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DNC Warns Candidates Not To Swear During The Debate, As O’Rourke Racks Up The F-Bombs

Beto O'Rourke speaks during the New Hampshire Democratic Party Convention at the SNHU Arena
Scott Eisen/Getty Images

The Democratic National Committee (DNC) sent a letter to qualifying campaigns ahead of its third presidential primary debate, warning the Democratic presidential candidates not to use vulgar language while on the debate stage.

 

"We wanted to take this opportunity to remind you that, as the debate will air on the ABC broadcast network, we are governed by Federal Communication Commission indecency rules," the DNC wrote in a letter obtained by Axios. "We will not be broadcasting on any delay, so there will be no opportunity to edit out foul language. Candidates should therefore avoid cursing or expletives in accordance with federal law and FCC guidelines."

The letter comes as former Rep. Beto O'Rourke (D-TX) has been receiving attention for the uptick in curse words that he has been espousing while on the campaign trail.

The failed Texas U.S. Senate candidate first made headlines with his vulgar language while conceding the statewide race to Sen. Ted Cruz (R-TX) as part of the 2018 midterm election cycle.

"All of you showing the country how you do this — I am so f***ing proud of you guys," O'Rourke told the crowd in November. While he received wild cheers at the time, he later swore that he would no longer curse after announcing his bid for the presidency.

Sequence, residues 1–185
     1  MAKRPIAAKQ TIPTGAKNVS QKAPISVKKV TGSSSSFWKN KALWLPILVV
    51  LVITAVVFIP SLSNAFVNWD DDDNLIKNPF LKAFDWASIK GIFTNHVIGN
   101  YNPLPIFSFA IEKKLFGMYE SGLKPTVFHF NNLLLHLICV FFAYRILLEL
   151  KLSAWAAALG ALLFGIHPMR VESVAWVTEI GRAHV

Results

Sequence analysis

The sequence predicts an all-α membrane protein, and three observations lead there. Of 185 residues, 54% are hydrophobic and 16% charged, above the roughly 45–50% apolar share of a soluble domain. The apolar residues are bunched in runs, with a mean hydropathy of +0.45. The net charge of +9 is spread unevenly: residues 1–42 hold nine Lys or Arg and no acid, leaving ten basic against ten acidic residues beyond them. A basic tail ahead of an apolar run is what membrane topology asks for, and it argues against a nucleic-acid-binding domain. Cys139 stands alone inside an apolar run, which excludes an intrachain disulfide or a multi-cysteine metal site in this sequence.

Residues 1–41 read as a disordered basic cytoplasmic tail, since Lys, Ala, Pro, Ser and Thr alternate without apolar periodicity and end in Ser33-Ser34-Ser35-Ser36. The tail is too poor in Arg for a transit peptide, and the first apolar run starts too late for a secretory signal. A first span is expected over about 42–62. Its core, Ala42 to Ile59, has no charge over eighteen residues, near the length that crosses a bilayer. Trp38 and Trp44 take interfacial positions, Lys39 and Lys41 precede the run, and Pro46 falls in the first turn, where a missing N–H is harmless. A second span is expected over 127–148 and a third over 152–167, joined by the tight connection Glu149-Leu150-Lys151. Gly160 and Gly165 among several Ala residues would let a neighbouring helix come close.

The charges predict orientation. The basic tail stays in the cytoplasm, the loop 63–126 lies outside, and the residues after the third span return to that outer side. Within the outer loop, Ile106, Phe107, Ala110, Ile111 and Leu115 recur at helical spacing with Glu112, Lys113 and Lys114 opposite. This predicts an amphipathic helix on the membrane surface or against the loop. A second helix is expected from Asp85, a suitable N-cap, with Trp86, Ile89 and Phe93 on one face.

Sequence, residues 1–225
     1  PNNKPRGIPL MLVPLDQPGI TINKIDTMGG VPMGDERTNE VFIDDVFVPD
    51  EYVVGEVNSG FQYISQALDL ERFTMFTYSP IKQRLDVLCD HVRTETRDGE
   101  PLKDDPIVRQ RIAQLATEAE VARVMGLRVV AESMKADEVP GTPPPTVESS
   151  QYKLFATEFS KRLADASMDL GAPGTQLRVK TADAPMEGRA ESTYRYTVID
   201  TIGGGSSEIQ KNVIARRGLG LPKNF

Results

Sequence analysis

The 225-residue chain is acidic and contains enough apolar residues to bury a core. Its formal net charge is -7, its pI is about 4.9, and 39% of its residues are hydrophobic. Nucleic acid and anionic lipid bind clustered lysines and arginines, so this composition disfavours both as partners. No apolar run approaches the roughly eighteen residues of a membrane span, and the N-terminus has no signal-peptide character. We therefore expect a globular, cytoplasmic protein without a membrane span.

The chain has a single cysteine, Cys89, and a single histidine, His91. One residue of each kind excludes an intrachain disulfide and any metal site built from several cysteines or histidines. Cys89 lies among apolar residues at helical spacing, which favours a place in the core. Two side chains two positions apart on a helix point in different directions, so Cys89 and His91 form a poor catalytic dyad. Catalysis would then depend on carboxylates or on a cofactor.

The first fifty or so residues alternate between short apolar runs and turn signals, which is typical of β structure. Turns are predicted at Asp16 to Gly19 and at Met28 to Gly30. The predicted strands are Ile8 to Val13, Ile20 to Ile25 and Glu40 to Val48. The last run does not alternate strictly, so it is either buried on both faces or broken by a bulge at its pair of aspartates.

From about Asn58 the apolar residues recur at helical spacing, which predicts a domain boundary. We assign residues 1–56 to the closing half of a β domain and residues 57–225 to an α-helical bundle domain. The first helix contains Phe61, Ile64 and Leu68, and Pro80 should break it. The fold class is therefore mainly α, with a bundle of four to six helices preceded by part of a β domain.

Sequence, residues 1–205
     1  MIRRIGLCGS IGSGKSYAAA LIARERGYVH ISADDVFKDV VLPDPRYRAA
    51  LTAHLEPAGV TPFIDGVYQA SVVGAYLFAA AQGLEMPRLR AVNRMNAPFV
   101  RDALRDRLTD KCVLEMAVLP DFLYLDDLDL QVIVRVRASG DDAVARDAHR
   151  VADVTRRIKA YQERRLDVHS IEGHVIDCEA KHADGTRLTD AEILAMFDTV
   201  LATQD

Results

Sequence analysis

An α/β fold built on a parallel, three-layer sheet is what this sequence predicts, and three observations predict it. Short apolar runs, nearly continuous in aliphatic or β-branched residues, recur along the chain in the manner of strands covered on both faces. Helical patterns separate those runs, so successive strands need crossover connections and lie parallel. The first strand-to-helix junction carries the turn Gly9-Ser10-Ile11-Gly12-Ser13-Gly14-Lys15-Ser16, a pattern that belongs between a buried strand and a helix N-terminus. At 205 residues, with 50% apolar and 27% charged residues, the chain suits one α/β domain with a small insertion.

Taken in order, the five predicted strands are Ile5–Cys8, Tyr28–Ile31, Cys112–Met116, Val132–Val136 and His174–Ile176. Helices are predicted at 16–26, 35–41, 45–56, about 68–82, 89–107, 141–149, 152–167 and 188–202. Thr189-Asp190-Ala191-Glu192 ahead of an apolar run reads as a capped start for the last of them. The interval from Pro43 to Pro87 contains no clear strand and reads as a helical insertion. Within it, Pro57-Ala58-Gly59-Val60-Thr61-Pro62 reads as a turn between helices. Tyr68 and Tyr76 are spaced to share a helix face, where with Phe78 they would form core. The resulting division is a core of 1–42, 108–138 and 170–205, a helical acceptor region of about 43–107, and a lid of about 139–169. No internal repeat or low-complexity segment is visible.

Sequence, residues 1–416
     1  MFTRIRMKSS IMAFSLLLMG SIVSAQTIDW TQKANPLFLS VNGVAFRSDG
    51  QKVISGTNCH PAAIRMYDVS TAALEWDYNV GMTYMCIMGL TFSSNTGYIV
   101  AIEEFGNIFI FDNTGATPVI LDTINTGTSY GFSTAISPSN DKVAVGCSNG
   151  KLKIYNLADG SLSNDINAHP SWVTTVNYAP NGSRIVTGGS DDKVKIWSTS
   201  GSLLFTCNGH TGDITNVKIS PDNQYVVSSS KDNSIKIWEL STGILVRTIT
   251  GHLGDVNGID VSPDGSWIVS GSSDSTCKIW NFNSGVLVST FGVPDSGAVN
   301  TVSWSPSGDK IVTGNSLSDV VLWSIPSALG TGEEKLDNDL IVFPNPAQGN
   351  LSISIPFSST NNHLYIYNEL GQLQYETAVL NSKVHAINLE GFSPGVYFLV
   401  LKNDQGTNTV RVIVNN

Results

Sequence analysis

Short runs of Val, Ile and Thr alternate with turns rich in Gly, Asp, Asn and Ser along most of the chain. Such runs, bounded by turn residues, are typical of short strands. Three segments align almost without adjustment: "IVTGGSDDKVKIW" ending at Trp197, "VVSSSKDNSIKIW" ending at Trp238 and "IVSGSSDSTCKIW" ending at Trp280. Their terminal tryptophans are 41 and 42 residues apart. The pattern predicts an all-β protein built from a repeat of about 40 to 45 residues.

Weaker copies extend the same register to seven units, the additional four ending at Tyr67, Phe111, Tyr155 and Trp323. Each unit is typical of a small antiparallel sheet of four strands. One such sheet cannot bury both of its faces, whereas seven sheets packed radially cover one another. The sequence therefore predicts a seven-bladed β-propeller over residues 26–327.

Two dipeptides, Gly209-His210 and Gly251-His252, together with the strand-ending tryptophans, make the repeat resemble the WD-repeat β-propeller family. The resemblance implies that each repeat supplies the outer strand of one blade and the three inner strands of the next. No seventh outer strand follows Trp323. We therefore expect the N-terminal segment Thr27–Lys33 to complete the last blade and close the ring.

The pledge, however, did not last long.

In the aftermath of a deadly shooting in El Paso, Texas, O'Rourke was asked by reporters if it was possible for President Donald Trump to do anything "to make this better."

 

"Um, what do you think? You know the s**t he's been saying," O'Rourke replied. "He's been calling Mexican immigrants rapists and criminals. I don't know. Like, members of the press — what the f***? It's these questions that you know the answers to, I mean, connect the dots."

The aggressive response was considered by many to be a testament to his authenticity. The Houston Chronicle praised the vulgarity, arguing that it is a human moment "more telling than a season of advertisements."

"Is that language presidential? Not normally. It certainly isn't the normal fare for an editorial page in the Sunday paper, either, with or without the asterisks," the Chronicle wrote."But it struck us as so unscripted, so unexpected, that its offense was somehow washed away."

O'Rourke's campaign seemingly noticed the attention-grabbing language and, by September, the Democratic presidential hopeful was selling "This is f***ed up" t-shirts as a nod to his own response after another deadly shooting outside of Odessa, Texas.

 

The DNC is preparing for its third presidential primary debate, which will be held on September 12 in Houston, Texas. Because of the relatively high threshold to qualify, only 10 of the candidates in the crowded Democratic primary field were able to qualify.

Accordingly, the organization faced blowback for the high barrier to entry to appear on the debate stage — especially from many of the candidates who fell short of receiving an invitation.

"The DNC is stifling debate at a time when we need it the most," Sen. Michael Bennet (D-CO) said during the DNC's annual summer meeting. "We're rewarding celebrity candidates with millions of Twitter followers, billionaires who buy their way onto the debate stage, and candidates who have been running for president for years."

Bennet's remarks came the same day that Rep. Tulsi Gabbard's (D-HI) campaign criticized the DNC for abdicating its responsibility to "facilitate more conversations."

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